Prison for Inactive Detroit-area Priest Who Had Child Porn
January 23, 2014
An inactive Roman Catholic priest was sentenced Thursday to nearly 16 years in prison for “stomach-churning” child pornography crimes, a decade after he was removed from his Detroit-area church for molesting an altar boy.
U.S. District Judge Victoria Roberts said the public needs to be protected from Timothy Murray, although the punishment was below the 22-year sentence sought by federal prosecutors.
Agents in 2012 found child pornography on seven computers at Murray’s home in suburban Detroit, including 685 videos. He subsequently pleaded guilty to possessing and distributing it over the Internet.
The “crimes are stomach-churning. … It’s difficult for me to believe you didn’t know what you were doing was criminal,” the judge said.
Assistant U.S. Attorney Kevin Mulcahy said the videos were “horrific.”
Murray, 63, was removed as pastor of a Livonia parish in 2004 after authorities learned that he had molested an altar boy in the 1980s. He admitted the acts but was never charged because the statute of limitations had expired.
The victim attended the court hearing Thursday and sat in the front row.
Murray has no duties as a priest, but he’s never been formally removed from the priesthood. Detroit Archbishop Allen Vigneron this week said he’s taking that step. The Detroit Archdiocese has been paying Murray’s health insurance since 2006.
Murray said he was sad and remorseful for his actions.
“I had no idea I was a distributor but apparently I was,” he told the judge.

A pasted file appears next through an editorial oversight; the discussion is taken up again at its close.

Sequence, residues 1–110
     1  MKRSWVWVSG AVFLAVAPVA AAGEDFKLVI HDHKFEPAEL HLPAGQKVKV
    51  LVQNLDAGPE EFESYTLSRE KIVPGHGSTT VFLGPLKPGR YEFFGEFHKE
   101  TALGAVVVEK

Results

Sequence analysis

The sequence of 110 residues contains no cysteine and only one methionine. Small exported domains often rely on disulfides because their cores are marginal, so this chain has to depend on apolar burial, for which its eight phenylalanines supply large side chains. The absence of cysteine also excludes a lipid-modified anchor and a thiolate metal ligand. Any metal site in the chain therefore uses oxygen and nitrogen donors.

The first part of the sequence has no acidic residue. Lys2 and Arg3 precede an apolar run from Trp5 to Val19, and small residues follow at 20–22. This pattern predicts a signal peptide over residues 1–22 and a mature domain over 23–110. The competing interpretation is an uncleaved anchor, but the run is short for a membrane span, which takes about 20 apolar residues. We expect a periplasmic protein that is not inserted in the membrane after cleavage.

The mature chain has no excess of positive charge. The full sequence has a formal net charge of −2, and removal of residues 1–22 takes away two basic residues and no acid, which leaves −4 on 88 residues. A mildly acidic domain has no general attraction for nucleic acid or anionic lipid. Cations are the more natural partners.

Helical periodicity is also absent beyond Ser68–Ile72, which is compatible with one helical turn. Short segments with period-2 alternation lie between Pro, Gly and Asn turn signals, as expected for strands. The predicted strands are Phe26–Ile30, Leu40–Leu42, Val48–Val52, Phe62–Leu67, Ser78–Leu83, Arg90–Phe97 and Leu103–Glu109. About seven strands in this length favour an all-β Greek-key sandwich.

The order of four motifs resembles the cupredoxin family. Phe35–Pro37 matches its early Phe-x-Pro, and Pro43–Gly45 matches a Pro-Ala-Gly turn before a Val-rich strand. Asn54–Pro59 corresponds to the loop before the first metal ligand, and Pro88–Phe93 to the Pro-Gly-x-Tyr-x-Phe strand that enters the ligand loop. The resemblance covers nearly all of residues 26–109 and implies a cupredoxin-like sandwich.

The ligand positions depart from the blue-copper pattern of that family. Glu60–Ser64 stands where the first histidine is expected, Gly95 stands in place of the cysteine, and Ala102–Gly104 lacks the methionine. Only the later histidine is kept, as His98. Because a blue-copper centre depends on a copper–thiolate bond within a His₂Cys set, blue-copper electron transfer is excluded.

Murray was evaluated by a psychologist in August and seemed to make excuses for his conduct, noting the Catholic Church’s requirement that priests be celibate.
“That’s why I believe so many priests get involved with children. People need intimacy,” he said, according to a summary by Ronald Fenton that was filed in court.
Murray also expressed surprise that he was in trouble for watching videos at home. Those comments didn’t help him with the judge.
“There is a degree of self-awareness that is truly, truly lacking,” Roberts said.
Murray had supporters in the courtroom, including the Rev. Ronald Victor, pastor of St. Isidore Catholic Church in Macomb County.
“In spite of his criminal behavior, I consider Mr. Murray to be a person of good character. One of his strongest traits is his honesty,” Victor said in a letter to the judge.
The pastor of Hope Lutheran Church in Farmington Hills said Murray was an active member and directed several plays.
“Rather than locking Tim up for the rest of his life, society would be better served by giving him the opportunity to become a contributing member once again,” the Rev. Lauren Miller said in a letter.